“Health, Heritage, Harmony”—words written boldly on the sign for Spring Hill Farm, an 85 acre farm in the small town of Sanbornton, New Hampshire…When asked to elaborate, Eric said, “For ‘health,’ the Hippocrates quote, ‘let food be thy medicine’ sums it up.” For “heritage,” he’s talking about his passion for preserving the land, the animal breeds he’s raising, and their 1800s house. As for “harmony,” a visitor can see such concord in the use of livestock, compost, and minerals to restore the soil in order to grow the most nutritious and robust fruits and vegetables. Selling produce year round for markets in the Lakes Region.
Sanbornton, NH 03269
By Dorothy Banks, Sanbornton, NH (September 16, 2014)
“Health, Heritage, Harmony” – words written boldly on the sign for Spring Hill Farm, an 85 acre farm in the small town of Sanbornton, New Hampshire. And for owners Eric and Julie Sawyer, those words are not idle ones.
When asked to elaborate, Eric said, “For ‘health,’ the Hippocrates quote, ‘let food be thy medicine’ sums it up.” For “heritage,” he’s talking about his passion for preserving the land, the animal breeds he’s raising, and their 1800s house. As for “harmony,” a visitor can see such concord in the use of livestock, compost, and minerals to restore the soil in order to grow the most nutritious and robust fruits and vegetables.
Julie & EricBut as with farms the world over, a farmer cannot make a living on vision alone. The biggest challenge for the couple is turning a profit by providing a continuous supply and variety of crops to keep his customers coming all year-round, a challenge he meets by succession planting. “A home gardener plants in the spring,” said Eric, “harvests when it’s ready, and finishes before winter. As farmers, we plant crops every three weeks from early spring into late fall. Then, through winter we must have stored product available for sale and fresh greens from one of our high tunnels.”
Knowing full well that an informed customers are happy customers and ultimately return customers, the Sawyers publish a weekly newsletter informing them of upcoming crops, providing recipes for some current offerings, and “keeping them in the loop” with events of note on the farm. Recently customers learned about the hatching of new layer chickens and the surplus of sauce tomatoes available for pickup. In addition, they like to introduce the “WWOOFers” from Worldwide Opportunities on Organic Farms (www.wwoofusa.org ). Young women from all over the country who stay on the farm for 2 weeks or more to learn about sustainable food production.
Eric has erected plastic high tunnels, and uses row cover that allow him to grow his vegetables during all four seasons. He also has a wash tunnel where the produce for his CSA customers is organized and washed to be put in boxes for pickup.
In line with his beliefs on traditional and organic farming, Eric focuses on raising heritage breeds of animals and poultry.1-lettuce Restaurants especially appreciate such products because it gives them the opportunity to publicize a unique type of product and chefs believe the meat is more tender and flavorful than the commonly raised breeds such as the Yorkshire. It is only small farms, like Spring Hill, that take the time to raise heritage animals who are free to roam and eat as they wish in the fields and woods and by so doing develop the singular qualities that restaurateurs and customers relish.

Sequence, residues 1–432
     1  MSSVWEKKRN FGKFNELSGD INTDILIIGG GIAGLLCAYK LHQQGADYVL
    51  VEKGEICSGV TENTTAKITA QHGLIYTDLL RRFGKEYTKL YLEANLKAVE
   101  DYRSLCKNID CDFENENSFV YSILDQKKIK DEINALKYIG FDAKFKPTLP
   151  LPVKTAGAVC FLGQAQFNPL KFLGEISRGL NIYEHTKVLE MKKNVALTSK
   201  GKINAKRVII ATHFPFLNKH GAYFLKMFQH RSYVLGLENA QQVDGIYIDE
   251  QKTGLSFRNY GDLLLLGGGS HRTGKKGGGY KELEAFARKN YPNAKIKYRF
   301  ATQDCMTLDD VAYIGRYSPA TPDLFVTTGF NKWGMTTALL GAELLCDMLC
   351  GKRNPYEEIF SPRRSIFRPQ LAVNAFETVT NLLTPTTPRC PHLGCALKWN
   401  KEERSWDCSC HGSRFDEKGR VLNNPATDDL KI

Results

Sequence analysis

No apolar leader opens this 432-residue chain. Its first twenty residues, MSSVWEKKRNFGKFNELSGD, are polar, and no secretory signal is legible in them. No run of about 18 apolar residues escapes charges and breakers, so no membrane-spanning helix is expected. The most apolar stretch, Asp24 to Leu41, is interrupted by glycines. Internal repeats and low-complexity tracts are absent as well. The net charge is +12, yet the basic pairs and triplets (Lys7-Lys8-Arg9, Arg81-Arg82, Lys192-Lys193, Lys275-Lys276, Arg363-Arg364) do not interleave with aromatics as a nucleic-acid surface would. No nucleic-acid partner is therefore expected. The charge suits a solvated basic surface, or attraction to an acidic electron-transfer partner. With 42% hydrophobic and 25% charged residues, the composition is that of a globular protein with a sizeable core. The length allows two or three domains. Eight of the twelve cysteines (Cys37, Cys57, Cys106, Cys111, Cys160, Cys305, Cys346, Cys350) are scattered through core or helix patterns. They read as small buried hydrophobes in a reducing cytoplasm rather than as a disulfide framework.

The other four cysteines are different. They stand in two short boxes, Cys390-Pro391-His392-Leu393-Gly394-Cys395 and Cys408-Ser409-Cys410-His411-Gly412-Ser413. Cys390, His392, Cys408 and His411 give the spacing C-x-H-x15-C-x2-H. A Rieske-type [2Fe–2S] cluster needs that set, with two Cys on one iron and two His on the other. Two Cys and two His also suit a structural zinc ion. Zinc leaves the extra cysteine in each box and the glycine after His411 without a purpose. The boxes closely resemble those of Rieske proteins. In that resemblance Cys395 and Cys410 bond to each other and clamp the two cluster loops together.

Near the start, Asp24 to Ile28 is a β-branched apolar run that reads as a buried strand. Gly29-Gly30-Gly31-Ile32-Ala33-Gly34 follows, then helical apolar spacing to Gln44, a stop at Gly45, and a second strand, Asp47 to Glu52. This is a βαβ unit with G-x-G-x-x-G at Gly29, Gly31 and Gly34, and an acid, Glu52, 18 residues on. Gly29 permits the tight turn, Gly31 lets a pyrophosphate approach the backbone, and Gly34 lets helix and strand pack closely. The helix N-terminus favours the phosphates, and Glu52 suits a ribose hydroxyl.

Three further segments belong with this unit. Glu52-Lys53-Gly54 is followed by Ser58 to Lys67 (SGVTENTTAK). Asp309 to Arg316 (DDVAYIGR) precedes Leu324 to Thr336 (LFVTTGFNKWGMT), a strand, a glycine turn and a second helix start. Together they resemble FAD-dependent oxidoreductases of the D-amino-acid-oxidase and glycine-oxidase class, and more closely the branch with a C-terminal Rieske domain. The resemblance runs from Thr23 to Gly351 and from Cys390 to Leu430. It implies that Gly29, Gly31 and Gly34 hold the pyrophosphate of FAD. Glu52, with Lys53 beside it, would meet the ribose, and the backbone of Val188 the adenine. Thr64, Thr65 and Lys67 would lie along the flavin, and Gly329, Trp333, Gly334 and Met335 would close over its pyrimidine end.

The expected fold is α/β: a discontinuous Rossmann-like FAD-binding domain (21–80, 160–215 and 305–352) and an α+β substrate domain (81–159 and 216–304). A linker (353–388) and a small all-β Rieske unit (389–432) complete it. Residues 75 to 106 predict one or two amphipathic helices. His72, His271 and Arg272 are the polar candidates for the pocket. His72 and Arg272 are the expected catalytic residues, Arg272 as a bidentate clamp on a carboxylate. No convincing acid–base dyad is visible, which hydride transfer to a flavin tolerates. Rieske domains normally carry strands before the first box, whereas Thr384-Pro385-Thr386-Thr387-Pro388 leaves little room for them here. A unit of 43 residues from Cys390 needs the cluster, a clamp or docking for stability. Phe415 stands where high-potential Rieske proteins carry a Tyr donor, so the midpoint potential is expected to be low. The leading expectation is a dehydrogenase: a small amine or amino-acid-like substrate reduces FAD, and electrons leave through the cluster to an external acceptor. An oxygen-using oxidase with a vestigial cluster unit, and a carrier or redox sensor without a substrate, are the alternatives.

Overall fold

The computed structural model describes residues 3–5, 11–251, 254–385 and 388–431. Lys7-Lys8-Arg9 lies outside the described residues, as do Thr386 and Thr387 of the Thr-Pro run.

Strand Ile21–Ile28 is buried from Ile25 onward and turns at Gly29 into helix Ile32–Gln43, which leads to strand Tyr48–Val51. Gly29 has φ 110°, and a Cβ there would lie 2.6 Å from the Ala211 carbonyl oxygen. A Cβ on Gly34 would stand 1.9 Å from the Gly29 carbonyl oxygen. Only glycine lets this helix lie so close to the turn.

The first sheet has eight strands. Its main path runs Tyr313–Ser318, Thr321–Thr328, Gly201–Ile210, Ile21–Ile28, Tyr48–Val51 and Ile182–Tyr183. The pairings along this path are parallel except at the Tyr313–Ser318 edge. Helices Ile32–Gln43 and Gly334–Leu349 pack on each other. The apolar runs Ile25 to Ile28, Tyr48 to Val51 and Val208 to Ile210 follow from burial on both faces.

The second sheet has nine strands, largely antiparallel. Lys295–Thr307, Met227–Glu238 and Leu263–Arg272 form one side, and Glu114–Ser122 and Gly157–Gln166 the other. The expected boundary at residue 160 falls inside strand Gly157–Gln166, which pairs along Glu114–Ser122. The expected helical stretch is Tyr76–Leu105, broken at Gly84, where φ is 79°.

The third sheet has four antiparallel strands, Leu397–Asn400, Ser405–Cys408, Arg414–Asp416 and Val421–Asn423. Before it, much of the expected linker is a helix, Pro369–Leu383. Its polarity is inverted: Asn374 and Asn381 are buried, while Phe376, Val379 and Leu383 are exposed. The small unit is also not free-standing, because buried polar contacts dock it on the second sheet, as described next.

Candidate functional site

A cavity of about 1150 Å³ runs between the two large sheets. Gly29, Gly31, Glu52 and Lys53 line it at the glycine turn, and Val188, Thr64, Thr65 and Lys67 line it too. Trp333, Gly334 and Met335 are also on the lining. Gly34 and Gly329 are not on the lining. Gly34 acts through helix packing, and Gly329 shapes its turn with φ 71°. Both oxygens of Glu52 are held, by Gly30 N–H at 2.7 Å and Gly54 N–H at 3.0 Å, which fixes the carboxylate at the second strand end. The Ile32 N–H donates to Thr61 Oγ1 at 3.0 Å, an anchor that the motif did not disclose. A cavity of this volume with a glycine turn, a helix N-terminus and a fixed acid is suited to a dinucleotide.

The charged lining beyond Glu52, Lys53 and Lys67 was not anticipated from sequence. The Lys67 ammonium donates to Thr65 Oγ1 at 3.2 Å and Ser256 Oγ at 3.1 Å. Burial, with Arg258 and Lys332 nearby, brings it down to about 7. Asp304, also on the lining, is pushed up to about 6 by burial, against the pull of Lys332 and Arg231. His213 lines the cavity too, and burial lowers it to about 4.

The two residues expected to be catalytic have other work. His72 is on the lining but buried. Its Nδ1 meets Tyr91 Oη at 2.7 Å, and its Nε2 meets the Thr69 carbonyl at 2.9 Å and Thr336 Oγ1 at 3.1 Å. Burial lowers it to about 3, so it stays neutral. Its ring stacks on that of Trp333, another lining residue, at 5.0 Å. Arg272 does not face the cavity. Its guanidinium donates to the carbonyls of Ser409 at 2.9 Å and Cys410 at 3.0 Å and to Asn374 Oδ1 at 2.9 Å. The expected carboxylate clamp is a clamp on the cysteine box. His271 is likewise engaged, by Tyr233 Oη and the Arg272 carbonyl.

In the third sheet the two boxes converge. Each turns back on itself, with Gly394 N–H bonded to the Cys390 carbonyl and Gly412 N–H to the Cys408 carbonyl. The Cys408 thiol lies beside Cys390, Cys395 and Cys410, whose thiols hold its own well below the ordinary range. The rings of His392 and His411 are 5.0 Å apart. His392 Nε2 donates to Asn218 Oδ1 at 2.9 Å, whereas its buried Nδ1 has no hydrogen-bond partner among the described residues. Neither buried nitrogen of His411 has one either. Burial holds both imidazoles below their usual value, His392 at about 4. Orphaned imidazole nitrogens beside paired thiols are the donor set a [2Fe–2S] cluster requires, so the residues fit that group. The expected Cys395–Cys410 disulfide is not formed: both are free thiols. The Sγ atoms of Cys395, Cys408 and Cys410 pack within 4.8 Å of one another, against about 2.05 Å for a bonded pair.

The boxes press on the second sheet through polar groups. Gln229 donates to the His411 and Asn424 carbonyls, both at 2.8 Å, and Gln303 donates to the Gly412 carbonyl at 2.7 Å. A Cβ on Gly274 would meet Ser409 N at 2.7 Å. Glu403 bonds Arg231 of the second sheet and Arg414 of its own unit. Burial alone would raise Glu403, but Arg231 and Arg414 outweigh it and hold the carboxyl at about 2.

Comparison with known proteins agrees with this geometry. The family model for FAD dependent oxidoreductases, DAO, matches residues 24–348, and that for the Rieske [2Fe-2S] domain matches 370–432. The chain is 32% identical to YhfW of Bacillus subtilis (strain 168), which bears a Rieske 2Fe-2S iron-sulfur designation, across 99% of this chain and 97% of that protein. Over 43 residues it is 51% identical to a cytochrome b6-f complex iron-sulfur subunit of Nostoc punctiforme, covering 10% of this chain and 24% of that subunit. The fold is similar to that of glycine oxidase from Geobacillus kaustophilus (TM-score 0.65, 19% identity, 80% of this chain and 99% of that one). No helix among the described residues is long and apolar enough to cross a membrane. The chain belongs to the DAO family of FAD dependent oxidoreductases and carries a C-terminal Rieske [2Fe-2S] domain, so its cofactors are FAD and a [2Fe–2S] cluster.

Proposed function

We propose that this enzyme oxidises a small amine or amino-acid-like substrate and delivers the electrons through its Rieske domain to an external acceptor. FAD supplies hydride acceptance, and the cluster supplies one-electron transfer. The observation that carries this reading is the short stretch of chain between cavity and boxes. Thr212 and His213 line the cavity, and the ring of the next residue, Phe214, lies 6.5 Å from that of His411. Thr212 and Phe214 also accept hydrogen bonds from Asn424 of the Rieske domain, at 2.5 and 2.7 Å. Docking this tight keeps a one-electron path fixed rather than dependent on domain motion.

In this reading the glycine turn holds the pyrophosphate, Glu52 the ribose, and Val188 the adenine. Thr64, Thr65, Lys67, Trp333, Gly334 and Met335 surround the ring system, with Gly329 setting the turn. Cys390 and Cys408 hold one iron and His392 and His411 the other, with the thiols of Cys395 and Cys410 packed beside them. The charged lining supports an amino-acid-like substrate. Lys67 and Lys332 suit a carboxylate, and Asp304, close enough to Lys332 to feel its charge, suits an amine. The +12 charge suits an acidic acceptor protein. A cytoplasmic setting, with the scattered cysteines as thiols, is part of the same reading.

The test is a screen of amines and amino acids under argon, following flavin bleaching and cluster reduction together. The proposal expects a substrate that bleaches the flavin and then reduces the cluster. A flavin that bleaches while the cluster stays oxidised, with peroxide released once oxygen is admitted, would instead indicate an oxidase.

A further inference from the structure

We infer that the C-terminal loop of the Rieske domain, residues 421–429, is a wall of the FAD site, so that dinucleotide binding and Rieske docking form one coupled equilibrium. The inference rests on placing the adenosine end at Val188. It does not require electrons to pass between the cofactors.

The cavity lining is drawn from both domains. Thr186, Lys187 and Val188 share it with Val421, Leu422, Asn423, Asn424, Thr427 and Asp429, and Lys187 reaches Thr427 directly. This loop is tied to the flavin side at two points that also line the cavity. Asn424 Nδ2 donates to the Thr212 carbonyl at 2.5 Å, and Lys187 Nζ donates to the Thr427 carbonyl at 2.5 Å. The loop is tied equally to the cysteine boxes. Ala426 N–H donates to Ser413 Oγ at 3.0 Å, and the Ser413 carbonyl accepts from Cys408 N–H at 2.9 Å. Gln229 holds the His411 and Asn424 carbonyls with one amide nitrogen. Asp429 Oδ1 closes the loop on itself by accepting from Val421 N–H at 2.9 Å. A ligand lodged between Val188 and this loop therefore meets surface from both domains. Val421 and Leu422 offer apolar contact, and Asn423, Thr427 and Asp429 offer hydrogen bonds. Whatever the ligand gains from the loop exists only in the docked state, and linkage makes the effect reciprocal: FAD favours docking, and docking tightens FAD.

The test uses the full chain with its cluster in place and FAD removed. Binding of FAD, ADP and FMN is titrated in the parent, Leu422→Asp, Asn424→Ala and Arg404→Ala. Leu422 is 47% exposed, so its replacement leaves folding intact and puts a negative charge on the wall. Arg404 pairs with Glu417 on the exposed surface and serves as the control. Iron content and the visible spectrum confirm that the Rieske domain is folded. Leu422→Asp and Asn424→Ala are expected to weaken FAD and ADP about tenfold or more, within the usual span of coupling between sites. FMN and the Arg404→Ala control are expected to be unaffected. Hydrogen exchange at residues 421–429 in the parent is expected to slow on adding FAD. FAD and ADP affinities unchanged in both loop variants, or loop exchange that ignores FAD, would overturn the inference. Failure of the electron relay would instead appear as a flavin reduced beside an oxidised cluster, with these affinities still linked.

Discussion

In the case of their Berkshire pigs, the couple is fortunate because while roaming, the animals dig up and fertilize the soil for planting crops. Eric laughingly dubs this method of cultivating, “pig power.”
Besides the pigs, the couple raise chickens, Katahdin sheep and Muscovy ducks, and continue to keep their bee hives that they moved to Sanbornton from their previous home in New Castle NH. Their raw honey is always available among their products for sale.
There are two new ventures the Sawyers have recently taken on. Noting the interest in mushrooms among his customers at farmers markets, the farm now features a shiitake mushroom bed. In the spring, Eric inserted mushroom spawn into holes drilled in oak, beech and sugar maple logs and sealed them with wax and expect the mushrooms to burst through the wax by June 2015. A small orchard of fruit trees and berry bushes is the second new venture. Wanting to plant on a South facing hill, part of the orchard sits on a steep slope that allows heavy rain to wash away vital top soil. Eric is taking a page out of past centuries, using an old method practiced in Eastern Europe, called Hügelkultur, and today employed primarily by permaculturists. By building what amounts to raised beds made of logs, sticks, leaves and other matter that will decay, Eric is providing a future of rich and fertile soil for the trees while preventing rain from washing down the slope. Hügelkultur represents one of Eric’s efforts to work harmoniously with nature.
Not to be forgotten is Julie and her choice of farming venture. When not working in Concord as a nurse, she pursues her interest in herbs and health. Finding rare medicinal herbs while walking the property before purchasing it, was reason enough for her to own the farm. She and Eric turned the site of an old barn into a varied and fragrant herb garden from which they envision holding classes to promote good health.
“But, in the end,” says Julie, “for Eric with his gardening, landscaping, and IT background, the farm is his dream.” Then adds jokingly, “It’s his midlife crisis” And she might very well have added that “Health” is the first of those words on the Spring Hill Farm Sign.
Spring Hill Farm
Eric and Julie Sawyer
165 Hunkins Pond Road
Sanbornton, NH 03269
Direct to Customer Sales:
Farmstand located in barn on the farm, CSA (spring, summer and fall), Canterbury Farmers’ Market, Tilton Farmers’ Market